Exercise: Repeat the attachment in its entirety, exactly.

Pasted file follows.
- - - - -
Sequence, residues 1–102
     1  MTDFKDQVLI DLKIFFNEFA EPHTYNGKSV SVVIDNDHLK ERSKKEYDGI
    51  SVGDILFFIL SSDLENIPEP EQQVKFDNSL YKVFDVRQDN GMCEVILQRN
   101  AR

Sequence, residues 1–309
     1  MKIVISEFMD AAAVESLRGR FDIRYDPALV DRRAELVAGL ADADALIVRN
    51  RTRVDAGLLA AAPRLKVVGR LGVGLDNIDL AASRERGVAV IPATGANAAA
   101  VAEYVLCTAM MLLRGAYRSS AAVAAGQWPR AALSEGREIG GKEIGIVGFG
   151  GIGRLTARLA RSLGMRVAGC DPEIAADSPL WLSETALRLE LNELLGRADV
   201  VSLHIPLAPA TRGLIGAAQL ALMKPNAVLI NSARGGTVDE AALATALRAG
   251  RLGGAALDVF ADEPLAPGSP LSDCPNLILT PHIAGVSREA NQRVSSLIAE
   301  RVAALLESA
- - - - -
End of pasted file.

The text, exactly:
Sequence, residues 1–102
     1  MTDFKDQVLI DLKIFFNEFA EPHTYNGKSV SVVIDNDHLK ERSKKEYDGI
    51  SVGDILFFIL SSDLENIPEP EQQVKFDNSL YKVFDVRQDN GMCEVILQRN
   101  AR

Sequence, residues 1–309
     1  MKIVISEFMD AAAVESLRGR FDIRYDPALV DRRAELVAGL ADADALIVRN
    51  RTRVDAGLLA AAPRLKVVGR LGVGLDNIDL AASRERGVAV IPATGANAAA
   101  VAEYVLCTAM MLLRGAYRSS AAVAAGQWPR AALSEGREIG GKEIGIVGFG
   151  GIGRLTARLA RSLGMRVAGC DPEIAADSPL WLSETALRLE LNELLGRADV
   201  VSLHIPLAPA TRGLIGAAQL ALMKPNAVLI NSARGGTVDE AALATALRAG
   251  RLGGAALDVF ADEPLAPGSP LSDCPNLILT PHIAGVSREA NQRVSSLIAE
   301  RVAALLESA